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I would like to use a current generator to pull down the voltage to zero (there is a voltage generator with a series resistor). The current generator models the output of a specific circuit, so it is a constraint. In order to model the reality, I would like to use the current generator as "active load", because in this case it cannot pull the voltage below 0V. The problem is that I have experienced a soft saturation: as the voltage across the current generator achieves 1V, the current begins to degrade. In my opinion, the current should be the prescribed value as far as the voltage across the current generator is above 0V, so the current generator remains as a load.

A simulation schematic and a simulation result is also attached. In the simulation, the current of the current generator ramps up linearly, and I would expect that the voltage on the current generator also decreases linearly. It is true as far as the voltage decreases to 1V, but after this, the current begins to degrade.

I thing that the background of this soft saturation is that LTSpice and also other simulators don't like hard nonlinearities because of convergence problems, but in the case of current generator I haven't found any such parameters which influence the curvature of saturation.

R1 supply U_c 10k I1 U_c 0 PWL(0 0 1 1m) load V1 supply 0 5 .tran 1 uic

LTSpice imulation schematic and result

Longer simulation

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If you look in the manual at LTspice > Circuit Elements > I. Current Source you'll see this first passage:

This circuit element sources a constant current between nodes n+ and n-. If the source is flagged as a load, the source is forced to be dissipative, that is, the current goes to zero if the voltage between nodes n+ and n- goes to zero or a negative value. The purpose of this option is to model a current load on a power supply that doesn't draw current if the output voltage is zero.

(emphasis mine). If you simulate the circuit without the load flag, you'll see that the linear ramp current causes the voltage to drop below zero. This means that around that point, LTspice will decide that the voltage across the load (the current source) drops to zero and that cannot happen, so it will try to modify the ramp in such a way that the voltage never reaches zero, or barely makes it, which would mean the end of the road.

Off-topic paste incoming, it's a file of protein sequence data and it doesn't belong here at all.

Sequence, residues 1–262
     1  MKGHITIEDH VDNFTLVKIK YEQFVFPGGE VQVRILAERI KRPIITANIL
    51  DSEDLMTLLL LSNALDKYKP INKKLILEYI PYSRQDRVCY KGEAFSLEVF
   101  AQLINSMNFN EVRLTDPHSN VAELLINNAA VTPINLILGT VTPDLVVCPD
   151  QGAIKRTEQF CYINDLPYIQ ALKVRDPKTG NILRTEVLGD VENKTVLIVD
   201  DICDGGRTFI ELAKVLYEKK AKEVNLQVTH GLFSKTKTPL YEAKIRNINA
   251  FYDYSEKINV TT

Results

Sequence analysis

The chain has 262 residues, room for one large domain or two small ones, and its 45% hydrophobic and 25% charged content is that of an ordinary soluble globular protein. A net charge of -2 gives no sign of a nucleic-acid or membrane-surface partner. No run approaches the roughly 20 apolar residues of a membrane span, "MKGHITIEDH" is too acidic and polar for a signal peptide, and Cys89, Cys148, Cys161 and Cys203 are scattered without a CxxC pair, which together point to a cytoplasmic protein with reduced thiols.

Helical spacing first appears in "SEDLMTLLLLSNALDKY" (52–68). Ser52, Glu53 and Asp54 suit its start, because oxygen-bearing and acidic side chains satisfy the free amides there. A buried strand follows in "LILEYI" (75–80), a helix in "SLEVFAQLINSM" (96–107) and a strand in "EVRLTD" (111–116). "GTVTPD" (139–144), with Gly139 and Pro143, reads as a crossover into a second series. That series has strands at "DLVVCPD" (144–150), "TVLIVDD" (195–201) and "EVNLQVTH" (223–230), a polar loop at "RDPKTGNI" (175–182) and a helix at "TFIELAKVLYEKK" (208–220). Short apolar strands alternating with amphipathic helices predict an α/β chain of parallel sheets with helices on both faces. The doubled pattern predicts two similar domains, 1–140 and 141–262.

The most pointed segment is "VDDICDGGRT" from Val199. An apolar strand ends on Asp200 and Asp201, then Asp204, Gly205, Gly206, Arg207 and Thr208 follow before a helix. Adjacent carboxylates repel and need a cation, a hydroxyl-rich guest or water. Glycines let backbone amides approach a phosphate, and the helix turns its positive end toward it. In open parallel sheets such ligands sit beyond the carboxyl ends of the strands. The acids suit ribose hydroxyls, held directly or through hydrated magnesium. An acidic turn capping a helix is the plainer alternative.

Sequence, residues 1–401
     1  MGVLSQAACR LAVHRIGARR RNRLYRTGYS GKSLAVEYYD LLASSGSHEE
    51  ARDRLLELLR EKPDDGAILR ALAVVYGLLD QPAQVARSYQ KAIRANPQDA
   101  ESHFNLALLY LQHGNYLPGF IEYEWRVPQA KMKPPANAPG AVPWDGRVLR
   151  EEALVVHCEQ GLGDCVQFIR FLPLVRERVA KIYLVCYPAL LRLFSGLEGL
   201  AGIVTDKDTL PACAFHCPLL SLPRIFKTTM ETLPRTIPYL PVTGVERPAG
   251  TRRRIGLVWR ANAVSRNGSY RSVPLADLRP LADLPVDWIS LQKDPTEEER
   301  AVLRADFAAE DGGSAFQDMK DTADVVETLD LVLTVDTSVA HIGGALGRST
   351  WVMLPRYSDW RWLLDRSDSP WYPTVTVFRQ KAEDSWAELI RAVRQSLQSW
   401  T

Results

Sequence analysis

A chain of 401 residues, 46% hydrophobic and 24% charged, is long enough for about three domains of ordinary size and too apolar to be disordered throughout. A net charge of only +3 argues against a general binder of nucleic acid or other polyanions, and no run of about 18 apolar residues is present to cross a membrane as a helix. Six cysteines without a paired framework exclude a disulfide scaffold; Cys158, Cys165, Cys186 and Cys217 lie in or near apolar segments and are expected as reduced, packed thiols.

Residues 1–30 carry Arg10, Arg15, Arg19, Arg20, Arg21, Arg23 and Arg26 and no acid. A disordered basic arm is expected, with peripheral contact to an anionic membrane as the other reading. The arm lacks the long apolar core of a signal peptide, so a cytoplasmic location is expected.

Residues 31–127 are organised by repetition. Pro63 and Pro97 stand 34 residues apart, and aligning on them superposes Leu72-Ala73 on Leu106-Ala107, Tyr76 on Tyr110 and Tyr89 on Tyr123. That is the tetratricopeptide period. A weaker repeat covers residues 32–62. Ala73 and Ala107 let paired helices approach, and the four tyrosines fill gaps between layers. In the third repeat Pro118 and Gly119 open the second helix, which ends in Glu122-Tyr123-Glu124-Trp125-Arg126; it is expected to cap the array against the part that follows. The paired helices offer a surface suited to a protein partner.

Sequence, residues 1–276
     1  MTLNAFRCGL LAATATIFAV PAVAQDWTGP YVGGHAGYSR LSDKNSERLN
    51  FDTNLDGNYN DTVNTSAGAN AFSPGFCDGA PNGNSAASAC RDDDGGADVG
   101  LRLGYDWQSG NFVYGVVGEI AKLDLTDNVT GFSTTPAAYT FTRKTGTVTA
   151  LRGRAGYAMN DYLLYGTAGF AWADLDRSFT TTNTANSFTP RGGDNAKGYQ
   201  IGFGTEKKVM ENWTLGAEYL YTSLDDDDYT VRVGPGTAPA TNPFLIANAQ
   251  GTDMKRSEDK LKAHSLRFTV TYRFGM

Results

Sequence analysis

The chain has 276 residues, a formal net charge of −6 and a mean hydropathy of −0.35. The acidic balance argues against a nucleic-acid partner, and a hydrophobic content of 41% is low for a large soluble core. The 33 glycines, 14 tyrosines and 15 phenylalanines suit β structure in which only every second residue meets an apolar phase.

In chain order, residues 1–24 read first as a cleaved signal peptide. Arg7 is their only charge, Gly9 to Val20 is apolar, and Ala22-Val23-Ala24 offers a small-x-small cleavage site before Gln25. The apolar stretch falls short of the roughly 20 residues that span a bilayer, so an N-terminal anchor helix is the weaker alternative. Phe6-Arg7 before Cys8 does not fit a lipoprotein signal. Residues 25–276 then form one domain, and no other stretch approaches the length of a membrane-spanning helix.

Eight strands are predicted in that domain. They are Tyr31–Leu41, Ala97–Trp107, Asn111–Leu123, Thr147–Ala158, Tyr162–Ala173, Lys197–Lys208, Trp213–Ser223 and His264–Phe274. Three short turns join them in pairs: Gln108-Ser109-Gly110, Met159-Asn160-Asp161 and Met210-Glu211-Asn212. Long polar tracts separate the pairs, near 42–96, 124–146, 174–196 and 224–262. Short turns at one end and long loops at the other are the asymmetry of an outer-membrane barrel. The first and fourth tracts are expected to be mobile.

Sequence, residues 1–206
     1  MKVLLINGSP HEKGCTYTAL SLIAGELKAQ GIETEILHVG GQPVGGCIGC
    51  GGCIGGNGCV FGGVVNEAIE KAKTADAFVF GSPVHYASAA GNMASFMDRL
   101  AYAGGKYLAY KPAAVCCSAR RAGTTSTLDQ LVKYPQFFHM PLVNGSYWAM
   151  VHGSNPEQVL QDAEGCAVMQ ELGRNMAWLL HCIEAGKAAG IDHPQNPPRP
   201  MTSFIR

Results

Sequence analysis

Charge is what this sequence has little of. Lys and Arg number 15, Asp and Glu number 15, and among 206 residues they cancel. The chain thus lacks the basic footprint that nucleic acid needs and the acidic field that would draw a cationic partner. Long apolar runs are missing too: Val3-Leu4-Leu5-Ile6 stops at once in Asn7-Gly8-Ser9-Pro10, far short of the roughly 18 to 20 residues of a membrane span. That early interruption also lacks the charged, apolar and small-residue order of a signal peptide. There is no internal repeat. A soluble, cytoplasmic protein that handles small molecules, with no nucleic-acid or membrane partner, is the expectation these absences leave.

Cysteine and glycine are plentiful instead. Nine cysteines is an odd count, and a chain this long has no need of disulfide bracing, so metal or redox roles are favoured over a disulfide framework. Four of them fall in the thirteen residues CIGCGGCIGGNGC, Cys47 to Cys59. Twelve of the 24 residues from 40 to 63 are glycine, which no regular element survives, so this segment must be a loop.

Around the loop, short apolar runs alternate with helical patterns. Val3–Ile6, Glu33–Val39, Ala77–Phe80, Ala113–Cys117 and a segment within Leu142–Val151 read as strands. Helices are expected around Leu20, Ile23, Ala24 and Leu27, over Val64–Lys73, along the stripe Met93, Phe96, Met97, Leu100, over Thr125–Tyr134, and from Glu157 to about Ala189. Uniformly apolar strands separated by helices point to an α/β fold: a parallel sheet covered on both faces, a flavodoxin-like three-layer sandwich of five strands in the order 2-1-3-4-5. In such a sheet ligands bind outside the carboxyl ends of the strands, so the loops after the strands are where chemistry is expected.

If you increase the simulation to 10s. you'll see something like an asymptote, but not reaching zero. That's, most probably, the internal, unseen limit that LTspice imposes in order to avoid going below zero.

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  • \$\begingroup\$ Where do you set the load flag? \$\endgroup\$ – winny Feb 19 at 7:25
  • \$\begingroup\$ Well, I agree with this answer, and I also think that some convergence issue is beyond this problem. I made a longer simulation, and it is interesting that the voltage decrease stops at approximately 0.5V. I'm wondering whether this limit can be changed or it is an unchangeable internal feature as you have written. I have also seen such limits for example in the case of diodes when the series resistance and forward opening voltage can be given, and the transition between the closing and conducting region is soft. The "softness" in that case can be changed by parameters. \$\endgroup\$ – Gyuri Feb 19 at 7:28
  • \$\begingroup\$ @winny Either check it in the settings (somewhere on the bottom right, advanced settings), or simply add it near its value, e.g. PWL(0 0 1 1) load. \$\endgroup\$ – a concerned citizen Feb 19 at 9:58
  • \$\begingroup\$ @Gyuri That's why I said "most probably", because I don't know how LTspice works internally, but I can make some guesses. For example, if you set the voltage source to 10V, the limit is also 0.5V, if you keep it 5V and set the current to maximum 0.5mA, the limit is also 0.5V. But if you set the resistor to 100k and the max current to 5m, then the situation changes. In fact, I have seen cases where convergence failed due to strange settings where LTspice tried hard to accomodate. GIGO at its best. \$\endgroup\$ – a concerned citizen Feb 19 at 10:01
  • \$\begingroup\$ @Gyuri Also, if you think this is the answer that was helpful to you, mark it down so that future searches from people with similar problems can find it easier. \$\endgroup\$ – a concerned citizen Feb 19 at 10:09

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